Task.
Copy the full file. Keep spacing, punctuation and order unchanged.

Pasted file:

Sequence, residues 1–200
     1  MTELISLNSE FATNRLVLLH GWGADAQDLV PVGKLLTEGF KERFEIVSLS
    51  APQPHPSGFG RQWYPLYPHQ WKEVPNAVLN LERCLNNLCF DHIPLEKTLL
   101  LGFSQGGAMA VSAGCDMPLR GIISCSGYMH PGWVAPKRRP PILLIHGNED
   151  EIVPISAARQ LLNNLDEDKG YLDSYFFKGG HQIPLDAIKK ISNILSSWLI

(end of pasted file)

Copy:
Sequence, residues 1–200
     1  MTELISLNSE FATNRLVLLH GWGADAQDLV PVGKLLTEGF KERFEIVSLS
    51  APQPHPSGFG RQWYPLYPHQ WKEVPNAVLN LERCLNNLCF DHIPLEKTLL
   101  LGFSQGGAMA VSAGCDMPLR GIISCSGYMH PGWVAPKRRP PILLIHGNED
   151  EIVPISAARQ LLNNLDEDKG YLDSYFFKGG HQIPLDAIKK ISNILSSWLI